-

home

archives

home page archives

July/August 2009 home page

A Testing Time at My Exam
Garry Shirts, Primavera

Illustration Art Olson

I enter the small examination room at the hospital. A nice young nurse comes in and weighs me, takes my blood pressure and then starts to take my pulse. Suddenly, her face turns white. She drops my wrist and says, “I don’t feel so good.” Her eyes close. She starts to fall to the floor.

I hop off the examination table and ease her into a chair. I call for a nurse. A woman dressed in green rushes to her side. She cradles her in her arms and says in a loud voice, “What’s your name?” She doesn’t respond. “Stay with me now, keep talking. Tell me. What’s your name?” She makes a coughing sound, her eyes roll back and her mouth falls open. I’m sure she’s dead or dying.

Another nurse comes in and says to me, “Go get a doctor.” I step out of the door and see my oncologist down the hall. I tell him a nurse collapsed. He rushes toward the examination room and says to the nurse who’s following him, “Quick, go get a wheel chair.” She starts toward the door. She’s watermelon pregnant. She holds her stomach with two hands as she waddles penguin-style down the hall toward the door.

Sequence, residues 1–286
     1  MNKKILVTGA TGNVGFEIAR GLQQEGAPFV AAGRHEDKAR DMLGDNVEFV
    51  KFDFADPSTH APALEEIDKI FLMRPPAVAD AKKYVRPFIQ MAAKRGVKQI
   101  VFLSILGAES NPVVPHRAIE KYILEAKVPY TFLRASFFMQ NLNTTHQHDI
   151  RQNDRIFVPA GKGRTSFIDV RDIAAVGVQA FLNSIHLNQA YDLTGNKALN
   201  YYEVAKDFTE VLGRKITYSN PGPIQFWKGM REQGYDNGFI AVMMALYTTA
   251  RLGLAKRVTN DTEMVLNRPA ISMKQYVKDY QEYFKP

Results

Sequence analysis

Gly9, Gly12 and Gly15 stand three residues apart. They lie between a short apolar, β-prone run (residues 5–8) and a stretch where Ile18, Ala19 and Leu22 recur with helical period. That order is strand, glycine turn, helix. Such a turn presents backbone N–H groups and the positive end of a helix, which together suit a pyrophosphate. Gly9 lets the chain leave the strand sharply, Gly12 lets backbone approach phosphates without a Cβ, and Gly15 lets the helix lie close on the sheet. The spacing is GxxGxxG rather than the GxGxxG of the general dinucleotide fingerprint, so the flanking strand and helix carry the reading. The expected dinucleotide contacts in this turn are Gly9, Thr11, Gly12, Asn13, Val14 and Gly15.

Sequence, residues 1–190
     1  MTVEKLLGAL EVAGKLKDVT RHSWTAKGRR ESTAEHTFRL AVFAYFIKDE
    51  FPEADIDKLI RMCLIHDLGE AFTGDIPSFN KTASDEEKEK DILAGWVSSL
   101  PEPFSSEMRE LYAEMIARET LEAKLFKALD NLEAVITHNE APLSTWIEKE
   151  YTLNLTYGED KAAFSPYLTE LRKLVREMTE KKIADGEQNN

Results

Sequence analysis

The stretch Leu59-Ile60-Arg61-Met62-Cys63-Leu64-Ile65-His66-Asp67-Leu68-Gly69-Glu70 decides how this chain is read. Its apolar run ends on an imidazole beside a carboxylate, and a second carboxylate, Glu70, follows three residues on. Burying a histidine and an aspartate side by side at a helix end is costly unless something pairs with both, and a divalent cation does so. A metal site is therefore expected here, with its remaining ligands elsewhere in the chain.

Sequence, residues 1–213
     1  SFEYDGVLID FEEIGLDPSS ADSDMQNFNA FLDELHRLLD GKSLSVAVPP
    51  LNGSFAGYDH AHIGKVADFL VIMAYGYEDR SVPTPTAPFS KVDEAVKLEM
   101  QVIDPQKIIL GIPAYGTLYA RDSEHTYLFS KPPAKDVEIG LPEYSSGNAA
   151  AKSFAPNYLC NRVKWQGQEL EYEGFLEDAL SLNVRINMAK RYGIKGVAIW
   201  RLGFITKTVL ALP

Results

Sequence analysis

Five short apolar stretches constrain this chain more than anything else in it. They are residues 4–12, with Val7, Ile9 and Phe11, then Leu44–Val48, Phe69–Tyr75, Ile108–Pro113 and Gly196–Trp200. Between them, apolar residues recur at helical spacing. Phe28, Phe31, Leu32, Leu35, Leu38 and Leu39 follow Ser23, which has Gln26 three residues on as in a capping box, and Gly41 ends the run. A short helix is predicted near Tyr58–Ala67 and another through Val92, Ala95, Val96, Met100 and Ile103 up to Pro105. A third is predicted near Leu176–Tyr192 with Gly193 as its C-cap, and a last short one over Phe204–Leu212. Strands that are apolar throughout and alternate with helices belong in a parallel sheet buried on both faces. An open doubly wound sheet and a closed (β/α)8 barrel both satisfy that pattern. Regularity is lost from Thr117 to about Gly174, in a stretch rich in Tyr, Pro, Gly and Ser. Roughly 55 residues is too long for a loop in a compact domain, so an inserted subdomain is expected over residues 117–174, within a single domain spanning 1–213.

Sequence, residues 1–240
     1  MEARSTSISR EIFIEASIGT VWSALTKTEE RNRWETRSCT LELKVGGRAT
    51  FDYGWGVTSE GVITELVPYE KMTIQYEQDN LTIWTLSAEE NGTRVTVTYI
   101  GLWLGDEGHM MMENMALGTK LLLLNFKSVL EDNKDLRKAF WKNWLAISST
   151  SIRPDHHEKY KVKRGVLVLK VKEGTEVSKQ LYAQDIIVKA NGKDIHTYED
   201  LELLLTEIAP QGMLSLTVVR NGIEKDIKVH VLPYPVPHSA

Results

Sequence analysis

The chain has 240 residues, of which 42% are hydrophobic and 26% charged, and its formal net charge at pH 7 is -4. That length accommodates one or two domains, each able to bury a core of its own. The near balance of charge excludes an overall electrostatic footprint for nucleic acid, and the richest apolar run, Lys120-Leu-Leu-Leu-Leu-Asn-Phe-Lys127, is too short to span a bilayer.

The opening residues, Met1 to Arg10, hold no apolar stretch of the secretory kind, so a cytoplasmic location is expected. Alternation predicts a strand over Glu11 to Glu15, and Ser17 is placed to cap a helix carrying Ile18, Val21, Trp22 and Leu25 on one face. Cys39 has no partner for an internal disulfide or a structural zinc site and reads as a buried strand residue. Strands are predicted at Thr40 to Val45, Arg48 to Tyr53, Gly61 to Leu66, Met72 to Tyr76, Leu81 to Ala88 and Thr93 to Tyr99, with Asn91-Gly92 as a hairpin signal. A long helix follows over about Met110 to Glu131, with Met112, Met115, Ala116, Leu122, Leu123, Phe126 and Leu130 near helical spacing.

I say, “I’ll go get one. I bolt out the door. I get to the elevator and realize I don’t know where the wheel chairs are. I run back in and ask the pregnant nurse, “Where do I get a wheel chair?

“Downstairs by the front door.”

I run down the stairs two at a time and retrieve a wheelchair. A few moments later they wheel my sick nurse away. Her head hangs off to the side; her eyes are closed. Her color is a funeral parlor white.

Later when my exam resumes, the oncologist tells me my PSA score is .03 and my bone cancer is still arrested. I sigh in relief. I believe I’m going to outlive all of my diseases.

I then go into the next room to get my monthly infusion of bone strengthening medicine. About 20 minutes into the process, my sick nurse comes in as cheerful as can be. Her problem? A sugar deficiency. They wheeled her down to urgent care, she drank a glass of orange juice and, presto, she was back to being a regular person.
I left the hospital feeling very good. I’d helped someone - however small my contribution. Perhaps, the hospital should consider having nurses take a dive every now and then to help their patients enjoy their visits.

Or perhaps they should have everyone drink that magic orange juice.

   
 

© 2007-2015 Del Mar Community Alliance, Inc.  All rights reserved.

 

 

ackli